The most of what we know today about the Monuments Men comes from their own biographies as well as from the source material from the American archives. Although they were certainly very present in the German museums during the occupation, they were not worth mentioning.for the contemporary German press. When the press was still under the supervision of the Allies, an article about the art protectors was released in the Allgemeine Zeitung on August 8, 1945, 3 months after the end of the war, that described amazingly clear the reasons of their work. Interestingly, although an American author may have written it, the article is almost free of the pathos with which the work of the monument will be later glorified as heroic task. The author describes the outsourcing of the art treasures in more than 800 depots such as mines, bunkers, secluded mansions, etc. – it will turn out at the end of the occupation that it have been much more. He further describes the different approach of the Germans in their art raids: While in the eastern conquest areas only a few works of art, such as Veit Stoss Altar of Cracow, were recognized as such and the rest fell prey to destruction, the works of art in France or Netherlands were highly appreciated. However, one statement of the article I can not agree:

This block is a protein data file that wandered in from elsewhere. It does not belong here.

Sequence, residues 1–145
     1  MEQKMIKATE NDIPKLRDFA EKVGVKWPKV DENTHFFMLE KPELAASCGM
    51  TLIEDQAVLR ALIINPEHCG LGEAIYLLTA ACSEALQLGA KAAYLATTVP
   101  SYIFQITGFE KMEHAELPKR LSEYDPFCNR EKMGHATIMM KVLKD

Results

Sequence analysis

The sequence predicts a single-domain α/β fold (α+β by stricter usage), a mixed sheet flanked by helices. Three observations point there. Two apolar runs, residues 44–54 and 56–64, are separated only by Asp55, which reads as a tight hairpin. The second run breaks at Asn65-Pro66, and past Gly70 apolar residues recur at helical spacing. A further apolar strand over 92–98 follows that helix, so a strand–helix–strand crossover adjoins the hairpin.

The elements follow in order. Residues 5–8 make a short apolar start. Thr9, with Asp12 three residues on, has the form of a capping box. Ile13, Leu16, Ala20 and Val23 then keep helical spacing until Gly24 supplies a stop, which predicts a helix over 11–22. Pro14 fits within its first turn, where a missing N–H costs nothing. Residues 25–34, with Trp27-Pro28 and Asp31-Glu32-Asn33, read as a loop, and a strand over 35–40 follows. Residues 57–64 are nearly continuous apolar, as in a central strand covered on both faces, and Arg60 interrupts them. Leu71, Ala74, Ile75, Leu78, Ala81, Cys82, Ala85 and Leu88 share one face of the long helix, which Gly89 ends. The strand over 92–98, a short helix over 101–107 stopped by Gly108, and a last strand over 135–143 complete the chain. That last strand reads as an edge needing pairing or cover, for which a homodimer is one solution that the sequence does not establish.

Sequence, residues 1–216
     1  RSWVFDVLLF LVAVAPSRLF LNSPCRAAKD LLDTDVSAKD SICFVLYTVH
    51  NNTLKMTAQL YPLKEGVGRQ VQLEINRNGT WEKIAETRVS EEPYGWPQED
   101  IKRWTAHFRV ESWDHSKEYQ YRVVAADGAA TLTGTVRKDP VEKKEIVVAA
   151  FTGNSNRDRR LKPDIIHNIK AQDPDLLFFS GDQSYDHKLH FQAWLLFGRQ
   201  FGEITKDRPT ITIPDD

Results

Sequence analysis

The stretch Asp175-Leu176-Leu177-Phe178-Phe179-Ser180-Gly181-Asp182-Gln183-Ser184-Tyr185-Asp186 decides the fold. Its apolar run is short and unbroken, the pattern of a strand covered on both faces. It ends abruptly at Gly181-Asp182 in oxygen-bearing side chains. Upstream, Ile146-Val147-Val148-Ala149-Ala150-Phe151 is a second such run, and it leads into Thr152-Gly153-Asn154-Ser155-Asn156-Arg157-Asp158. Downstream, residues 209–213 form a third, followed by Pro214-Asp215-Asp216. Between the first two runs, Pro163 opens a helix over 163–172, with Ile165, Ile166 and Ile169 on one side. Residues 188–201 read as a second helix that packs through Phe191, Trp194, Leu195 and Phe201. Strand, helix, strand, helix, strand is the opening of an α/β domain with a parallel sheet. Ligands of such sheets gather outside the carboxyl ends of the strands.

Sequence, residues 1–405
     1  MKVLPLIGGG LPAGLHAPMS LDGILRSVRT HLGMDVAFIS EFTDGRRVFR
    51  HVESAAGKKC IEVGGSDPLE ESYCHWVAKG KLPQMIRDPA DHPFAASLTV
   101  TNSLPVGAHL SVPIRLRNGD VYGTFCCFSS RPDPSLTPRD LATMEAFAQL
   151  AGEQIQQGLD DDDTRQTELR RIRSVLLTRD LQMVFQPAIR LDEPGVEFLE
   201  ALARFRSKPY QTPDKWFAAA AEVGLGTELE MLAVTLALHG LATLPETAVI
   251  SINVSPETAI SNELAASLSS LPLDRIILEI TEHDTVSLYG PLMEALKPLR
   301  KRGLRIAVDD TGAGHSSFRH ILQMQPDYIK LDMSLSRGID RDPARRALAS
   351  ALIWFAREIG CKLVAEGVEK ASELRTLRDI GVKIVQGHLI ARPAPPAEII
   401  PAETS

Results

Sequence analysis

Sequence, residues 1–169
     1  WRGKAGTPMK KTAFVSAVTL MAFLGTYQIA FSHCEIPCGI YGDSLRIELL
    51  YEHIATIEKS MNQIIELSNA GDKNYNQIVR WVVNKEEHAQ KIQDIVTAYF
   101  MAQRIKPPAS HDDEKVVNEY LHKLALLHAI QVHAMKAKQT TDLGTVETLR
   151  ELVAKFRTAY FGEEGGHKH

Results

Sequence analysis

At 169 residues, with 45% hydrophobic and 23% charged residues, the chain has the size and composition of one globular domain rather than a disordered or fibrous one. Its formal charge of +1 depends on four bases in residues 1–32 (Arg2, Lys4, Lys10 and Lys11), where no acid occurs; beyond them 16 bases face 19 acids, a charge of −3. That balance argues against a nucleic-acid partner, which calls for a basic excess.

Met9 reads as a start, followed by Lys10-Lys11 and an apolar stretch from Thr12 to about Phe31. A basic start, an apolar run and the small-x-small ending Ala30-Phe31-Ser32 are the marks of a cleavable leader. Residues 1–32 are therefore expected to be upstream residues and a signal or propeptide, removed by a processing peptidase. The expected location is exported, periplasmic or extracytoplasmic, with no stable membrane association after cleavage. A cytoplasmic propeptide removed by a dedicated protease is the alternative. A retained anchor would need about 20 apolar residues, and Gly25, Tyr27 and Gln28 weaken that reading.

„The Wehrmacht had neither enough time nor transport facilities to entrain the recovered art treasures during their retreat from Western Europe. This explains why the Mona Lisa, the Venus de Milo and Nike can today be again admired by art lovers in the Louvre „
Firstly, the Wehrmacht was not the institution that took care of the art objects. What is meant here is rather the institution of „art protection“ (Kunstschutz), which increasingly lost its influence over the other art looting institutions, such as the Einsatzstab Reichsleiter Rosenberg or Hitler’s and Goering’s art-buyers. In addition, the state art collections in the western occupied countries initially weren’r touched. Instead the Nazi art „buyers“ acquired the ‚ownerless‘ collections of Jewish citizens. Thus the Monuments Men had to deal with the major collections such as the family Rothschild or David Weill after the war . All of these works of art that are swapped out of the German collections as well as the looted ones from Germany and the occupied territories, the art protection officers assembled in Central Collecting Points in Wiesbaden, Munich, Marburg and Offenbach where they made efforts to redistribute them to their rightful owners. Especially the artworks in legal German ownership were debatable to use as reparations – or as a substitute for individual lost artworks by the war opponents, as so-called restitution-in-kind. This method, however, never came to action.